• PK says:

      When has Jon said anything insulting or derogatory towards Christians? We live in a Constitutional Republic. Majority rules isn’t how our government is supposed to work. A republic protects the rights of every individual, not just the majority.

  3. entech says:

    Interesting post, Pk, Tyler and the others posting here are interested in discussing and expounding their beliefs and ideas, often vehemently but not truly derogatory. There are many places that descend to vulgar abuse and they become very boring very quickly.
    Tocqueville in his book(s) “Democracy in America” had high hopes, but he also warned of the “Tyranny of the Majority”.
    David

    • Tyler says:

      David,

      You assume to much. Primarily that “I” am in need of “Expounding my beliefs and ideas” and not the other way around.

      • entech says:

        Sorry if I gave the wrong impression, but, I did say interested not need. I find it all very interesting and useful in considering where my own beliefs and ideas come from, where they might lead as well as whether I can reasonably sustain them in light of different views.

        David

  4. Tyler says:

    As I await John’s answer and I’m hoping he takes the questions seriously instead of side-stepping it take a look at the following. Below is a link to paper by Sherif Girgis, Princeton University Department of Philosophy, Robert George, Princeton University – Department of Politics, Ryan T. Anderson, University of Notre Dame Department of Political Science…published recently in the Harvard Journal of Law 2010 Winter Edition entitled “What is Marriage?”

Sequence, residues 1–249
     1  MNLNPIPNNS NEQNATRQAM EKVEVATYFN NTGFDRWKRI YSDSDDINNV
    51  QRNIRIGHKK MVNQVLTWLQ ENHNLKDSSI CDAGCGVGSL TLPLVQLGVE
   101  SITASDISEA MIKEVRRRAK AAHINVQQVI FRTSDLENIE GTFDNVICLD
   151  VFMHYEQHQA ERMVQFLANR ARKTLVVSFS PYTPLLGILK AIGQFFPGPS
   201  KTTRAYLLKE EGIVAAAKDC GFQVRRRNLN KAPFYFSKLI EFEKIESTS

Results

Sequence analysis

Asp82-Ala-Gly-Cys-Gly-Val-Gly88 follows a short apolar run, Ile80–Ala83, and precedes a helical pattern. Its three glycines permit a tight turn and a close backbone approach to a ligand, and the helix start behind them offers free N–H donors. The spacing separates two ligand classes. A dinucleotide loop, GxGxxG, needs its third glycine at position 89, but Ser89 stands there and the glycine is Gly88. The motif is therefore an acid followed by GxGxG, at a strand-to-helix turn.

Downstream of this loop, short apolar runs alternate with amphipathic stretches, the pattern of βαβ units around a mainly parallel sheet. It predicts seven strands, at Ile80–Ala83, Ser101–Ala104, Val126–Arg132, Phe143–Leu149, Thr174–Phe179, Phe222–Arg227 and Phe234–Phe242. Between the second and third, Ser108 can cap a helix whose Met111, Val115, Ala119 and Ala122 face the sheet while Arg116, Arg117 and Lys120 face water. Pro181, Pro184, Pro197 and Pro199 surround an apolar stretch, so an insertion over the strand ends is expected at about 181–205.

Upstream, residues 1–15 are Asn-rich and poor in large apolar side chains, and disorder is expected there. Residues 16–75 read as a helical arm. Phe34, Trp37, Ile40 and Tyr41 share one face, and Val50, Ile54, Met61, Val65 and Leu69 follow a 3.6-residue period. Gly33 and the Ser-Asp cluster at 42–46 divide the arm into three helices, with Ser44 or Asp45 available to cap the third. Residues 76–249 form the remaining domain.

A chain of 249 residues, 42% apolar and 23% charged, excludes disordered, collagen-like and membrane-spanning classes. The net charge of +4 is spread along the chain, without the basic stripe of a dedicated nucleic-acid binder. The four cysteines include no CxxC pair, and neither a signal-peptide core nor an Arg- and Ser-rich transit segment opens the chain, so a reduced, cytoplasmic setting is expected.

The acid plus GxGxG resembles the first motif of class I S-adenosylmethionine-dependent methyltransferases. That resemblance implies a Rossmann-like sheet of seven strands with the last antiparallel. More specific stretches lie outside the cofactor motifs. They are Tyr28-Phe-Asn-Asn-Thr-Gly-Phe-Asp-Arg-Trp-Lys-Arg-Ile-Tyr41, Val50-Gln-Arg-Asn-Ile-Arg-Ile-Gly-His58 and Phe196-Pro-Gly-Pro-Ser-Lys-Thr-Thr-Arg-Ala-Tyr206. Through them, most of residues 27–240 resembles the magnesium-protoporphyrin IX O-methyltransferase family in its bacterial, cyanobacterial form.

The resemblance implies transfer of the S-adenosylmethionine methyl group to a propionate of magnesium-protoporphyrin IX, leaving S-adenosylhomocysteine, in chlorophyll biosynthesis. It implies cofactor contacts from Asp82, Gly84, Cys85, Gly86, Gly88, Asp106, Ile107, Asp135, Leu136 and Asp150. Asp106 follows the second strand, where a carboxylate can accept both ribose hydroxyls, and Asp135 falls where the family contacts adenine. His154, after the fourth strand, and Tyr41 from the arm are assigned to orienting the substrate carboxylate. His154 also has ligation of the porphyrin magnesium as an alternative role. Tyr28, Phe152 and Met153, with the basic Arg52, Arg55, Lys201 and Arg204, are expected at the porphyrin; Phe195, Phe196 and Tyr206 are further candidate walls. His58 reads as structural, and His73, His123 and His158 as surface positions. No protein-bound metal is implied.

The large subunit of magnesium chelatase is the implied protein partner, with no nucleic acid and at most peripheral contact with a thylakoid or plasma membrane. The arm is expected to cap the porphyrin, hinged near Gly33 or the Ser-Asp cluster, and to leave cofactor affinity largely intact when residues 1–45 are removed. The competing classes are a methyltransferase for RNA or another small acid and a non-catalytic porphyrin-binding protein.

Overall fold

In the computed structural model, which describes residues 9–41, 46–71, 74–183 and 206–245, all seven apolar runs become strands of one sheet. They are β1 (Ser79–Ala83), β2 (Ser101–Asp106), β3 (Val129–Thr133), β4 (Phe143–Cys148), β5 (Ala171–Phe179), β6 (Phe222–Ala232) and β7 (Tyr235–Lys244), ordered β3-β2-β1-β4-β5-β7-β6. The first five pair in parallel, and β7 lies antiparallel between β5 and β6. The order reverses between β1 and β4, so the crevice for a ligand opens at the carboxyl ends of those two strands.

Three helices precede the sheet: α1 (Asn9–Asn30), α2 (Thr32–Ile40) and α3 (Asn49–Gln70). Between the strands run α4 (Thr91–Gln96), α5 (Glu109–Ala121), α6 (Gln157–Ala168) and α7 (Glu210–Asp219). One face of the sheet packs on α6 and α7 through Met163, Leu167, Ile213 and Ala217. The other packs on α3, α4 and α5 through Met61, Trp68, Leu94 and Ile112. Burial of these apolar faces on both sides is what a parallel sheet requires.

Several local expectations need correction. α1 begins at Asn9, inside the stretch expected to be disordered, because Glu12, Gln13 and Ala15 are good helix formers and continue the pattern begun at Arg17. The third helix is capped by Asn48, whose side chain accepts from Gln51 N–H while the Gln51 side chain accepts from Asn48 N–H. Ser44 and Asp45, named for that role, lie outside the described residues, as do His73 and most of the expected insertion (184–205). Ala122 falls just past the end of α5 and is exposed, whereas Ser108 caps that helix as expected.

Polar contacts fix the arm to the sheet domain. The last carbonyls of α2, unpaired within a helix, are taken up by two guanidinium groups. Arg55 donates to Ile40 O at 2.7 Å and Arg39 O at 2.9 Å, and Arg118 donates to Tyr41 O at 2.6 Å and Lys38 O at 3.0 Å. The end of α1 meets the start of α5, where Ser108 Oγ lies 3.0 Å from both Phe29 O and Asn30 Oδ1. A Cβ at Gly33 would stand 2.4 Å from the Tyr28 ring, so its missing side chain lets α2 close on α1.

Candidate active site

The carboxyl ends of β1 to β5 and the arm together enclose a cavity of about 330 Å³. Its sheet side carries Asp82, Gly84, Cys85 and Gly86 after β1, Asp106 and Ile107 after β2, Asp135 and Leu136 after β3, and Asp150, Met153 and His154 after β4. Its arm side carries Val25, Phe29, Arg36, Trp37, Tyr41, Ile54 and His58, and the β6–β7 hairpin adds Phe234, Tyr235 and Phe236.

The Professors give a very rigorous defense of marriage as one man/one woman and make a “Secular” case in law for its defense. I am sure it is meant to be the foundation of a legal argument as well as possibly many other tangent strings including, and I cringe that I actually have to say this, “Classical Marriage Apologetics”. But people like John are in love with the idea of turning the world upside-down more so than any one specific cause…to people like John..gay marriage is a means to a utilitarian utopian end.

    Thoughtful people of all opinions on this matter..you can read the abstract here and follow the link to download and read the whole paper in PDF Format.

    http://www.nomri.org/site/apps/nlnet/content2.aspx?c=luLSJ8MQKrH&b=6408089&ct=8989801